In most fleets, approximately 10% of their vehicles have a high severity fault occurring at any given time.  Customers implementing remote diagnostics typically spend the first 2-3 months proactively identifying failing vehicles and repairing them before a on road failure occurs.  After the initial 2-3 month cleanup, fleets will begin to see a significant reduction in downtime.  

A fleet’s actual experience will depend on previous maintenance practices, driver quality, and dedication to the program. With that being said, many fleets have reduced their downtime by 30% and have seen towing bills go down by 80% or more.
 
Please contact your Geotab Reseller for more information on remote diagnostics.  You can also visit the Geotab Marketplace.

Learn More:
Cummins Connected Diagnostics — Connected Diagnostics instantly applies unique Cummins analytics to transform this raw data into useful, actionable information. Compatible with all equipment manufacturers that utilize Cummins engines.

Navistar OnCommand Connection — OnCommand Connection from Navistar is the first and only open architecture remote diagnostic system. Compatible with all makes of commercial trucks, including Heavy-Duty and Medium-Duty trucks, buses, and Severe-Duty trucks.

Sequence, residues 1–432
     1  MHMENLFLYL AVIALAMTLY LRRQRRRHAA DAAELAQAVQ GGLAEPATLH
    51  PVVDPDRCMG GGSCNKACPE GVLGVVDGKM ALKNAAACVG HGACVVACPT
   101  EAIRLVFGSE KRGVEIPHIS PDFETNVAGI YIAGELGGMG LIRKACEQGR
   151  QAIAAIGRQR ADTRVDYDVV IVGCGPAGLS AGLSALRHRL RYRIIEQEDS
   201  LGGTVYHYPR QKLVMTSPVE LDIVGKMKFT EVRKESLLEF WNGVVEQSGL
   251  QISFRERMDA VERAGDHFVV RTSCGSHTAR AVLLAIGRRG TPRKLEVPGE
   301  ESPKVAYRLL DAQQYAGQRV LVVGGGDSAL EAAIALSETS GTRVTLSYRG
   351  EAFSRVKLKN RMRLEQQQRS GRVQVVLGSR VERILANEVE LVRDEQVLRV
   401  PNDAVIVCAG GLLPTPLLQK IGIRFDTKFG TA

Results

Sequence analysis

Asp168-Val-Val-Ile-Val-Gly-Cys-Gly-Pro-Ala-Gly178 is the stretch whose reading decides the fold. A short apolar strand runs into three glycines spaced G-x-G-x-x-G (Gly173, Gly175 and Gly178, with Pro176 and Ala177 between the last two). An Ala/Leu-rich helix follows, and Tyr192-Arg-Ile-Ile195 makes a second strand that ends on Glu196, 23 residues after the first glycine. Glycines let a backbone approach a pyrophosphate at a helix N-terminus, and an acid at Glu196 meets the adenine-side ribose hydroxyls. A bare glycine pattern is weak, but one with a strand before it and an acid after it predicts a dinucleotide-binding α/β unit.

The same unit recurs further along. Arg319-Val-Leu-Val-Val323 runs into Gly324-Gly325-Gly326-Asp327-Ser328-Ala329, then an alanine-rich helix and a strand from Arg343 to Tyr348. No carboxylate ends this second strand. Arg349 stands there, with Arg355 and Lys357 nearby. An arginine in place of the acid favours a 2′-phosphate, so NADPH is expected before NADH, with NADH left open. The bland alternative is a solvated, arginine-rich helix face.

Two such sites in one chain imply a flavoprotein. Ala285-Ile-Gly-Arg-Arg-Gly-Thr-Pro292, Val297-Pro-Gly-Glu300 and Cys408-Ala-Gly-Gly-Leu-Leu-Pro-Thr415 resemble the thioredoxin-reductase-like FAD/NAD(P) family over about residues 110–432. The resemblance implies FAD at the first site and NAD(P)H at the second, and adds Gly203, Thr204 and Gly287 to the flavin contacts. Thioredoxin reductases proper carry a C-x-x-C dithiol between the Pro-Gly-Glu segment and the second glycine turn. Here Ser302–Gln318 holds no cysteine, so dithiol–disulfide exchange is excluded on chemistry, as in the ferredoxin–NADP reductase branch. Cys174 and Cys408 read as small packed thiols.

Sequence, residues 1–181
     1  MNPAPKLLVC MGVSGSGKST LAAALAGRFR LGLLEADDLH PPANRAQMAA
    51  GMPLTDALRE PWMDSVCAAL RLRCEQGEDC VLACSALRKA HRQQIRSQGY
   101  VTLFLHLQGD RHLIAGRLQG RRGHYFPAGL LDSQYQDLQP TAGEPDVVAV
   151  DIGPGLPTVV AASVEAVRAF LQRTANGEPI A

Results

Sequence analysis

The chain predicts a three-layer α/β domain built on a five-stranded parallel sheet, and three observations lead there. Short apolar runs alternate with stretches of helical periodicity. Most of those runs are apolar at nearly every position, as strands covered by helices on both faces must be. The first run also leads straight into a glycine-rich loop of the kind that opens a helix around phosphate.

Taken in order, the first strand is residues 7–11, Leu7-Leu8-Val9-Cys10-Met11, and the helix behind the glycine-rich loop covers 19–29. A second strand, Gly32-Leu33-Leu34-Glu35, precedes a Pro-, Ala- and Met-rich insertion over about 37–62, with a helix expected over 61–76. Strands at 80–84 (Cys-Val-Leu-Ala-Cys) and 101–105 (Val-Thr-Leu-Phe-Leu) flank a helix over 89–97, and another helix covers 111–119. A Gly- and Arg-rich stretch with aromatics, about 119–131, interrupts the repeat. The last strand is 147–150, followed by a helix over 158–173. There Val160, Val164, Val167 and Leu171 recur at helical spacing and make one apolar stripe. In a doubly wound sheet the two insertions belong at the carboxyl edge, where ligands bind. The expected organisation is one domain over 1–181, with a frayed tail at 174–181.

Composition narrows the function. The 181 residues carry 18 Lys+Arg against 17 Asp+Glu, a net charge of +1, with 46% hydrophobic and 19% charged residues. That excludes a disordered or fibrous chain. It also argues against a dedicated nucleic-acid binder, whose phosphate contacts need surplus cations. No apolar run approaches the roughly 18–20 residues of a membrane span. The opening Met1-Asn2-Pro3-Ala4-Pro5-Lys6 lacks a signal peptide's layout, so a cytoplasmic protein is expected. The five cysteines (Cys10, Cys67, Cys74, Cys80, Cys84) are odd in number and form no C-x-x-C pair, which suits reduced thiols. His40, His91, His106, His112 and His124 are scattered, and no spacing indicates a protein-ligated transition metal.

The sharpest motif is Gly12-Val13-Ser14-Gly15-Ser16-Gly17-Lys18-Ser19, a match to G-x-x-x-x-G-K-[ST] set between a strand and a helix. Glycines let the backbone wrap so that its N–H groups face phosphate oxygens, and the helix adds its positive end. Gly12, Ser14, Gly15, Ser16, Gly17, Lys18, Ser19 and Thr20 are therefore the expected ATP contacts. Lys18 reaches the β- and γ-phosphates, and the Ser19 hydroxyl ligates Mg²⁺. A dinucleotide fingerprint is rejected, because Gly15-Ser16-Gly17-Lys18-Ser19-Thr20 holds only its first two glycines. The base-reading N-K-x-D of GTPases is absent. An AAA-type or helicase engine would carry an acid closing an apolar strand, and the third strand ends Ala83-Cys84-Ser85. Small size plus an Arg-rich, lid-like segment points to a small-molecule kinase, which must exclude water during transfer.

Related Posts:
Engine Light Worries? Not Me.
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Car Technology, Onboard Diagnostics, and The Remote Mechanic
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Combining Vehicle Maintenance with GPS Fleet Management
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2 Comments

  • My company is saying since they have trucks with hazmat platecards all their trucks must have ELD even know i never go farther than a 100miles im a non cdl driver and its a service truck im a mechianc. Is this true?

    • Posted October 26, 2017 at 4:59 pm | Permalink

      The ELD Mandate does not alter the current Federal RODS rules. In this case, apply the rules in sequence. First, a vehicle requiring Hazmat placards must follow the HOS regulations, regardless of the weight. This would mean that the ELD mandate applies. Second, for vehicles/drivers subject to the ELD rule, look at exemptions. In this case, if you meet the short haul exemptions, you do not need an ELD. The exemption supercedes the requirement for an ELD. Please ensure you comply with the Short Haul exemption during your work (within 100/150 air miles (CDL/Non CDL), keep time cards, start and leave from the same location, 10 hours off and no more than 12 hour shifts.

      If your company has determined that the trucks do need an ELD, part of the ELD mandate requires that there be an option for the motor carrier to designate an accounts as an “exempt” driver if you’re exempt. So this may be the category you fall under as it does not appear that you qualify for ELD use based on your description.